Lucifer – A Powerful Penetration Tool For Automating Penetration Tasks Such As Local Privilege Escalation, Enumeration, Exfiltration And More…

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Lucifer 16 one

A Powerful Penetration Tool For Automating Penetration Tasks Such As Local Privilege Escalation, Enumeration, Exfiltration and More… Use Or Build Automation Modules To Speed Up Your Cyber Security Life

Setup

git clone https://github.com/Skiller9090/Lucifer.git
cd Lucifer
pip install -r requirements.txt
python main.py --help

If you want the cutting edge changes add -b dev to the end of git clone https://github.com/Skiller9090/Lucifer.git

Commands

Command Description
help Displays This Menu
name Shows name of current shell
id Displays current shell’s id
show Shows options or modules based on input, EX: show <options/modules>
options Shows a list of variable/options already set
set Sets a variable or option, EX: set
set_vars Auto sets need variables for loaded module
description Displays description of the module loaded
auto_vars Displays is auto_vars is True or False for current shell
change_auto_vars Changes the auto_var options for one shell, all shells or future shells
reindex Re-indexes all modules, allows for dynamic additions of modules
use Move into a module, EX: use
run Runs the current module, can also use exploit to do the same
spawn_shell Spawns a alternative shell
open_shell Open a shell by id EX: open_shell
show_shells Show all shell ids and attached name
set_name Sets current shells name EX: set_name
set_name_id Set a shells name by id EX: set_name_id
clear Clear screen
close Kills current input into opened shell
reset Resets Everything
exit Exits the program, can also use quit to do the same

Command Use

  • No-Arg Commands
    • help – to display help menu

    • name – shows name of current shell

    • id – shows current shell id

    • options – shows a table of set options/vars

    • set_vars – automatically sets vars needed for the loaded module (default defined in a module)

    • description – show description of current loaded module

    • auto_vars – displays current setting of auto_vars (auto_vars if true will automatically run set_vars on module load)

    • run – runs the module with the current options, exploit works the same

    • spawn_shell – spawns a new Shell instance

    • show_shells – shows all open shells ids and names

    • clear – clears the terminal/console screen

    • close – kills the input to current shell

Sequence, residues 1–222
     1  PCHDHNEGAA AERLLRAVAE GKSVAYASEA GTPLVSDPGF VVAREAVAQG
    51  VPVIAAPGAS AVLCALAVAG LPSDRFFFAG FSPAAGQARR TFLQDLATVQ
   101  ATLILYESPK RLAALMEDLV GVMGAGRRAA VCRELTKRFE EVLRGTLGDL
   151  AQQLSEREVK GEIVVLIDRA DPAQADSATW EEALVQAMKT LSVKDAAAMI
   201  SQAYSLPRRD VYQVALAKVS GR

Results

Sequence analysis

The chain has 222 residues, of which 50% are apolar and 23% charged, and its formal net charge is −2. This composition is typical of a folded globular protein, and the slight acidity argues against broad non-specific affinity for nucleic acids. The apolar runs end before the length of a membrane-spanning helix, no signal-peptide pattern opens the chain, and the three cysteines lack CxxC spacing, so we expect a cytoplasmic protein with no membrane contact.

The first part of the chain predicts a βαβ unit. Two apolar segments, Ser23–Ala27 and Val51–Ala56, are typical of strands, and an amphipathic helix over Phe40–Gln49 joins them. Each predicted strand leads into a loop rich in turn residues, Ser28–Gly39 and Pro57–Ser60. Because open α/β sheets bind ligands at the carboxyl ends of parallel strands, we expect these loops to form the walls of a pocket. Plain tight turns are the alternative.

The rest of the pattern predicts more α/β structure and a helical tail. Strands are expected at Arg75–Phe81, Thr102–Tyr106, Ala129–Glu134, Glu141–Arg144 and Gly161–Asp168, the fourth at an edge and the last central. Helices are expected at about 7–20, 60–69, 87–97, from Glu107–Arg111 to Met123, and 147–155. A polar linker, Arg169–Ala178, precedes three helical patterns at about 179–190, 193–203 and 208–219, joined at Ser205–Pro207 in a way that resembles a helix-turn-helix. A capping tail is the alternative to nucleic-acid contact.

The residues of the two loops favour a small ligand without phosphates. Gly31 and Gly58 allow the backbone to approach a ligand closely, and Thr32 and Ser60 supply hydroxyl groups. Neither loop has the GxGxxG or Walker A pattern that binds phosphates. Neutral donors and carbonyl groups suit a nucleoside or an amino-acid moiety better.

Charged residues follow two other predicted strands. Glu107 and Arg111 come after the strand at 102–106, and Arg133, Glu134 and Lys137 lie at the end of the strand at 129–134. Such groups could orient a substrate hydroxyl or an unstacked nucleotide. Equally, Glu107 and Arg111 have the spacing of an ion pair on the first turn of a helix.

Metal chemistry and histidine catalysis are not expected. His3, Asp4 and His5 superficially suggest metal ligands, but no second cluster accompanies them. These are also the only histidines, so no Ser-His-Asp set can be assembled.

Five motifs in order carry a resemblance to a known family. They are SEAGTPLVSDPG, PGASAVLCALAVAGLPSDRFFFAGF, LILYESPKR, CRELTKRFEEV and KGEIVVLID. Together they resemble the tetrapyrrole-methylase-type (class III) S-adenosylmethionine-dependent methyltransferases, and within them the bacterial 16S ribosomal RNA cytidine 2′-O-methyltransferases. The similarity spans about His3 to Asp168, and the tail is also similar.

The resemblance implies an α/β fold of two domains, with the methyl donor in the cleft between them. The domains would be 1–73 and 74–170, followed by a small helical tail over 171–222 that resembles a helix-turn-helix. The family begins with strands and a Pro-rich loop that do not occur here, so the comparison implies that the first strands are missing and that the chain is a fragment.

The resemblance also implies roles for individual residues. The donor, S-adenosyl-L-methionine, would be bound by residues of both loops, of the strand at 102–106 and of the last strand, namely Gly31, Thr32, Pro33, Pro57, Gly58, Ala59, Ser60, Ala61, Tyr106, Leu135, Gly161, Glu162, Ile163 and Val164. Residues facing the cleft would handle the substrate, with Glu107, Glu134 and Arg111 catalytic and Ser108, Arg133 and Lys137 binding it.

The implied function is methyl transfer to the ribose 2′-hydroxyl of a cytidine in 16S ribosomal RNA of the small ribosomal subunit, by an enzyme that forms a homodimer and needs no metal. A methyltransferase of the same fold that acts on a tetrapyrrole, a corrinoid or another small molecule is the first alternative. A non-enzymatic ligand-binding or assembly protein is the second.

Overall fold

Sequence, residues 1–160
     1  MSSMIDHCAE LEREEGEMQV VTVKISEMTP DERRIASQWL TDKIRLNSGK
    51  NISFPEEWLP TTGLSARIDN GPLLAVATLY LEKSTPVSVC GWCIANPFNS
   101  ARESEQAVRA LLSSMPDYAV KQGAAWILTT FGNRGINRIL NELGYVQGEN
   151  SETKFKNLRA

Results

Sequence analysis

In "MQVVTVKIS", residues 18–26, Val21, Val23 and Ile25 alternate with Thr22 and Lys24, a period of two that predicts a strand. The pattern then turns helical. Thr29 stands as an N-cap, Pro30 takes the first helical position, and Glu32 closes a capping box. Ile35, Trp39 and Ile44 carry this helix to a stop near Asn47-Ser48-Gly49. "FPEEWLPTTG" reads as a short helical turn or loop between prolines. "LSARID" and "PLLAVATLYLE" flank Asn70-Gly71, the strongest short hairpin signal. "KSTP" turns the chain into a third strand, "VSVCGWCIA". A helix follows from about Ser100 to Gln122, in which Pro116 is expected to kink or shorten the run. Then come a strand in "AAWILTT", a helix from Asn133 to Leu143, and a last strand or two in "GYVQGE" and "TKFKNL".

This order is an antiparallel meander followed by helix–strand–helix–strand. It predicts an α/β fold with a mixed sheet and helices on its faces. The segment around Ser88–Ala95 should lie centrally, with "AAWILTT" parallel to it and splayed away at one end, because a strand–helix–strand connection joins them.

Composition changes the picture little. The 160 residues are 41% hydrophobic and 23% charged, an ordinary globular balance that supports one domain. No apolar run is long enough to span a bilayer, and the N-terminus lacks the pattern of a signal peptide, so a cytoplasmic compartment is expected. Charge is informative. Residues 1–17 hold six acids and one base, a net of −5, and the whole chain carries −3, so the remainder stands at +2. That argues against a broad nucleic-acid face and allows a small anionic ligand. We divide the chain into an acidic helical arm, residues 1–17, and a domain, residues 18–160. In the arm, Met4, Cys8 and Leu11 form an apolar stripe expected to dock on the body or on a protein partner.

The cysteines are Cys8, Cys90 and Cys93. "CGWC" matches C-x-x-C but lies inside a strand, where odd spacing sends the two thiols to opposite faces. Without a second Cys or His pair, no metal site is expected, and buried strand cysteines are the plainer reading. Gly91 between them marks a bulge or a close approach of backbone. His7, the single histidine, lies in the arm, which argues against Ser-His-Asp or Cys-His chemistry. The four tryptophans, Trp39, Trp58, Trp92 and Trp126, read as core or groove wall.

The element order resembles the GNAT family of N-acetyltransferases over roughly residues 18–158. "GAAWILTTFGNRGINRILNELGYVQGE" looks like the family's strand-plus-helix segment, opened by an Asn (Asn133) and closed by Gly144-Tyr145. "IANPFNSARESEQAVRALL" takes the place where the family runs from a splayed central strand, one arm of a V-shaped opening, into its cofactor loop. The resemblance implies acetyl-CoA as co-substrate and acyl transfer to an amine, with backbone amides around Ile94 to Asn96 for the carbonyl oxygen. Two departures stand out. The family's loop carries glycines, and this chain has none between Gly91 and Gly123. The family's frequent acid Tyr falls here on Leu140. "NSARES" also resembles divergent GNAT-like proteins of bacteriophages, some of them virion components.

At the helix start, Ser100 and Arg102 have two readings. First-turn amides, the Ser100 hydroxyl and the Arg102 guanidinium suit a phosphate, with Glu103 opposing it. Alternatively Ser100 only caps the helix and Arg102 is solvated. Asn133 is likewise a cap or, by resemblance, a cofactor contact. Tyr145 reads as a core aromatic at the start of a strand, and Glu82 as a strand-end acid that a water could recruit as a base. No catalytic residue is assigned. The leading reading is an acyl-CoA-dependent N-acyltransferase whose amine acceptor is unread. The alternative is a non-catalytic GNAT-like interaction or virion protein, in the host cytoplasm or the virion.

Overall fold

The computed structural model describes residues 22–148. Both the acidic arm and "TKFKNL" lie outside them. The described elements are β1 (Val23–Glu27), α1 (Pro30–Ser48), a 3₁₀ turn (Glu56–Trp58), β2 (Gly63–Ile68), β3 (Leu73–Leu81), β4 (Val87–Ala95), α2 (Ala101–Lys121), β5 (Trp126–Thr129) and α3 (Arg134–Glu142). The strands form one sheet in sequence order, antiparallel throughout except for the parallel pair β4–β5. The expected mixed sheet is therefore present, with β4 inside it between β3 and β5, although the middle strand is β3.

• reset – resets everything (not implemented)

    • exit – quits the program

  • Arg Commands
    • show <options/modules> – displays a list of set options or modules depending on argument.

    • set <var_name> <value> – sets a variable/option

    • change_auto_vars <to_set> <args>:

      • <to_set> – can be true or false (t or f) (-t or -f)

      • <args>:

        • -g = global – sets for all shells spawned

        • -n = new – sets this option for future shell spawns

        • -i = inclusive – no matter what, set current shell to <to_set>

    • use <module> <args>:

      • <module> – path to module

      • <args>:

        • -R – Override cache (reload dynamically)
    • open_shell <id> – opens a shell by its id

    • set_name <name> – set the name of the current shell

    • set_name_id <id> <name> – set the name of the shell specified by

Using Java

Lucifer allows for Python and Java code to work side by side through the use of LMI.Java extension. For this to work you will need to install jpype1, to do this run the following command in your python environment:
pip install jpype1
>From here you are free to interact with LMI.Java.compiler and LMI.Java.luciferJVM which allows you to call java functions and instantiate java classes through python, more documentation of this will be created later on, on the lucifer wiki.

Examples

Settings Variables

Lucifer 15 two

Running Module

Lucifer 16 one 1

Settings

Lucifer 17 three

Versioning

The standard of versioning on this project is:

MAJOR.MINOR.PATCH.STAGE.BUILD

Major:

  • incremented when either there has been a significant amount of new features since the start of the major or if there is a change which is so big that is can cause compatibility issues (Major of 0 if very unstable
  • Could cause incompatibility issues

Minor:

  • incremented when a new feature or feature-set is added to the project
  • should not cause incompatibility errors due to only additions made

Patch:

  • incremented on bugfixes or if feature is so small that it is worth incrementing minor
  • very low risk of incompatibility error

Stage:

  • The stage of current MAJOR.MINOR.PATCH BUILD, either alpha, beta, release candidate or release
  • Indicates how far through development the new MAJOR.MINOR.PATCH is
  • Stage number to name translation:
    • 0 => beta (b)
    • 1 => alpha (a)
    • 2 => release candidate (rc)
    • 3 => release (r)

Build:

  • this should be incremented on every change made to the code, even on a one character change

This version structure can be stored and displayed in a few ways:

  • The best way to store the data within code is via a tuple such as:
    • (Major, Minor, Patch, Stage, Build)
      • Example is: (1, 4, 1, 2, 331)
  • The long display would be:
    • {stage} {major}.{minor}.{patch} Build {build}
      • Example is: Alpha 1.4.1 Build 331
  • The short display would be:
    • {major}.{minor}.{patch}{stage}{build}
      • Example is: 1.4.1a331
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